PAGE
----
Beghhorn wrote that "A-e" changed the parts of Dracula as he or she translated it into Swedish.[1] He noted that in the Swedish version the main characters are called Thomas Harker, Wilma Murray, Lucy Western and Count Draculitz while in Stoker's notes written between 1890-92, these characters are already referred to as Jonathan Harker, Mina Murray, Lucy Westenra and Count Dracula.[1] Berghorn noted that in the account of the black mass and human sacrifice performed by Draculitz in Mörkrets makter, the scene is described as being lit by flames similar to the flicking lights of a cinematograph, the first film projector that was not invented until 1895 and not used commercially until 1896.[1] On chronological grounds, Berghorn felt that the reference to a cinematograph was added in by "A-e" rather being based upon an early draft by Stoker from the early 1890s.[1] Along the same lines, Berghorn that several topical political references in Mörkrets makter such as the anti-Semitic riots in France caused by the Dreyfus affair; the Franco-Russian alliance, which was signed in 1894; and the 1898 "Orlean" conspiracy" for a royalist coup de etat in France must have been the work of "A-e".[1] But Berghorn wrote that other aspects of Mörkrets makter were almost certainly due to Stoker as the highly favorable references to William Ewert Gladstone, who was Stoker's political hero.[1]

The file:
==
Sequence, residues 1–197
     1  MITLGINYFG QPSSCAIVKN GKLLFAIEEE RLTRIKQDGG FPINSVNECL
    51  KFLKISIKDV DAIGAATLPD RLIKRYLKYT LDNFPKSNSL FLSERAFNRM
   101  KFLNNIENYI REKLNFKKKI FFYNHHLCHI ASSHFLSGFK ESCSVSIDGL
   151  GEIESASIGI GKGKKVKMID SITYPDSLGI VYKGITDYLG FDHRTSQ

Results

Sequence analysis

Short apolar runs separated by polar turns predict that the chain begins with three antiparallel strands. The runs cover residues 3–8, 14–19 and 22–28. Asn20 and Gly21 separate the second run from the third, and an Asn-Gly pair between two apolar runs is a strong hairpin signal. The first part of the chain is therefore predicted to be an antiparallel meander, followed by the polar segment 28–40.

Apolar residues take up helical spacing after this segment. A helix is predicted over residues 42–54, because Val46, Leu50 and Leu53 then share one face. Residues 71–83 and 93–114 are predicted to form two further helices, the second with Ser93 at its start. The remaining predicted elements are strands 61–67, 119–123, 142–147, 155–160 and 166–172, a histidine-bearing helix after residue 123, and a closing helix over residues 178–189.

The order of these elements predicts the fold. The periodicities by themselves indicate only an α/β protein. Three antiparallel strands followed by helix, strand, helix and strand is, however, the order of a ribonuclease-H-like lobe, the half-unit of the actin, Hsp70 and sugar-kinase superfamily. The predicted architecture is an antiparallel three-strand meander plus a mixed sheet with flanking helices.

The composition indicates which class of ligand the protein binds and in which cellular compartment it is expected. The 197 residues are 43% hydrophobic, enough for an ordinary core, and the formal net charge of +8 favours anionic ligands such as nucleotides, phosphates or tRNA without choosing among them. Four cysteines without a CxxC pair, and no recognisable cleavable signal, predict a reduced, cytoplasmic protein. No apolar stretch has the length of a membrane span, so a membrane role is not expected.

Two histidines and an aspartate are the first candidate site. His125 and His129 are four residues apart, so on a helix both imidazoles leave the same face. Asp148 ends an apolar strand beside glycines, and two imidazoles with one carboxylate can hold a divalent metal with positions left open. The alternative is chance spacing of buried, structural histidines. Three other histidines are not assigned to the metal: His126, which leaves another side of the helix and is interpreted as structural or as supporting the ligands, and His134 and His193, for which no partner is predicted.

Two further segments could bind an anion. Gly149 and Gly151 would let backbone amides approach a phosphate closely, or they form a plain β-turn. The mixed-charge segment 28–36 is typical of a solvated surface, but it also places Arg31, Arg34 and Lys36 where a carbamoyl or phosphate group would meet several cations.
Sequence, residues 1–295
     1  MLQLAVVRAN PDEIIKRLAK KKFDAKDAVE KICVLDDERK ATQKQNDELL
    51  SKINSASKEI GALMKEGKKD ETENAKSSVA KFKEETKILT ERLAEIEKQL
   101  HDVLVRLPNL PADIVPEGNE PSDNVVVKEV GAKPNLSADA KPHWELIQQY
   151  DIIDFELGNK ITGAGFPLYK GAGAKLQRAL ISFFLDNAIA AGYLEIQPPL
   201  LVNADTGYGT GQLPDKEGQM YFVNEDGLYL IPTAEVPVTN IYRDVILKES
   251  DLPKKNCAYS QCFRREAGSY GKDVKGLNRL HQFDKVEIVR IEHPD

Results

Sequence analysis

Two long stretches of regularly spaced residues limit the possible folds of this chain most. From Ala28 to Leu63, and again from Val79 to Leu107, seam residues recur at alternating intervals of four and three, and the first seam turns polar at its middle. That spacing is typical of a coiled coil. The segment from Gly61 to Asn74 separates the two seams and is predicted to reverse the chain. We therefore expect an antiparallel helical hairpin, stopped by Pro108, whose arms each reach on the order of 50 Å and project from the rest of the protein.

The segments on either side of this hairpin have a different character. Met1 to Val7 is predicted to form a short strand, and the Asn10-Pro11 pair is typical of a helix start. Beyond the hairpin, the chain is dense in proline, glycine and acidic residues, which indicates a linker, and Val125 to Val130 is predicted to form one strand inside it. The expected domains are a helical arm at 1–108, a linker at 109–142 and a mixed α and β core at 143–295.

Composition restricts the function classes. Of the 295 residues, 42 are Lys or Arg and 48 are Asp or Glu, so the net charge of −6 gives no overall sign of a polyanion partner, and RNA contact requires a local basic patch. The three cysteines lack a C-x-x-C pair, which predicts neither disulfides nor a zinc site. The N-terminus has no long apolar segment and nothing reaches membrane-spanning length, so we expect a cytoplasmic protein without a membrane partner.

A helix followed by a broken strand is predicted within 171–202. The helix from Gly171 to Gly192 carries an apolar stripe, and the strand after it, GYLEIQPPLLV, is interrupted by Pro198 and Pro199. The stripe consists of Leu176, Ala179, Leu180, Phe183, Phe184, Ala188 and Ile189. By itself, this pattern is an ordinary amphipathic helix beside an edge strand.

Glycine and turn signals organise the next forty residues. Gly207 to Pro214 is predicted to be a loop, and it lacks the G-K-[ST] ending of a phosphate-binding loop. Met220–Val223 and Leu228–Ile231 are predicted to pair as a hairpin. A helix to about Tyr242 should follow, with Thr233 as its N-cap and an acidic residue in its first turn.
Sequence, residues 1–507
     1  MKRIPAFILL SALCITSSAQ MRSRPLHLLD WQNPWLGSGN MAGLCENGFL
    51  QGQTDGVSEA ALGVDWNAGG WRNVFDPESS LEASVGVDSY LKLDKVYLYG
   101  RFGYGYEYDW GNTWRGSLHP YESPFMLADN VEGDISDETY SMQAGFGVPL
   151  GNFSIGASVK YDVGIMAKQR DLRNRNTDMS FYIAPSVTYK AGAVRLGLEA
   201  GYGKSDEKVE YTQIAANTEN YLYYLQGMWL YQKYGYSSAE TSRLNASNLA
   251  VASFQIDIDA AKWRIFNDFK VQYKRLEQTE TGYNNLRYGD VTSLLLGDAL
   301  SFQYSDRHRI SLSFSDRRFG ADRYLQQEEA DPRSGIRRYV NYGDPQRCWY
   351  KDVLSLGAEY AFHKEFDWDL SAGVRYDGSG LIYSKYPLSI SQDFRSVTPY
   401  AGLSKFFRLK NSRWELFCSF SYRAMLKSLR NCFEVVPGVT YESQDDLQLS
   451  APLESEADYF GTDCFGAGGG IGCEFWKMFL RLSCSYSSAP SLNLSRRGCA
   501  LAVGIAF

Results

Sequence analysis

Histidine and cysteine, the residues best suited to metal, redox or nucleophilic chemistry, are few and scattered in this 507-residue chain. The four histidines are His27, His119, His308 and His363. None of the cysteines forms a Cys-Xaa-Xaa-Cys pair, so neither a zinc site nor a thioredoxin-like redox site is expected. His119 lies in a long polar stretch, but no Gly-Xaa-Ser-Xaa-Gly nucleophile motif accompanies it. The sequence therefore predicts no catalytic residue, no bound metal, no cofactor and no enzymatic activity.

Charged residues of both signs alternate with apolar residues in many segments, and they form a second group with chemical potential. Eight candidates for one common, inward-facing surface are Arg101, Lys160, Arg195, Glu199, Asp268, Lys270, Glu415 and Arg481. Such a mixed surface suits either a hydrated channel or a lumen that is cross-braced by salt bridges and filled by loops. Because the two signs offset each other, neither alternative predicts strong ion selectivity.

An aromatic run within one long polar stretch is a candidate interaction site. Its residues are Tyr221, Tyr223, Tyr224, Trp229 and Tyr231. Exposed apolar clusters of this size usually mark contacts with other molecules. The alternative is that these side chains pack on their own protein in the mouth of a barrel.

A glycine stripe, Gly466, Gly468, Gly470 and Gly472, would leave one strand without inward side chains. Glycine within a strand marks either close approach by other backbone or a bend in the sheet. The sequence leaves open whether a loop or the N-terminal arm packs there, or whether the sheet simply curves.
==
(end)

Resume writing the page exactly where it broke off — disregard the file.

References[edit]

  1. ^ a b c d e f g h i j k l m n o p q r s t u v w x y Berghorn, Rickard (December 2017). "Dracula's Way to Sweden". Weird Webzine. Retrieved 2019-09-02.
  2. ^ Crișan 2017, p. 4.
  3. ^ De Roos 2017, p. 113-114.
  4. ^ a b Ísberg, Frída (5 April 2017). "Dracula In Iceland". Time Literacy Supplement. Retrieved 2019-09-02.
  5. ^ De Roos 2017, p. 113.
  6. ^ Berghorn, Rickard (2017). "Dracula's Way to Sweden". Weird Webzine. Retrieved 2019-09-02.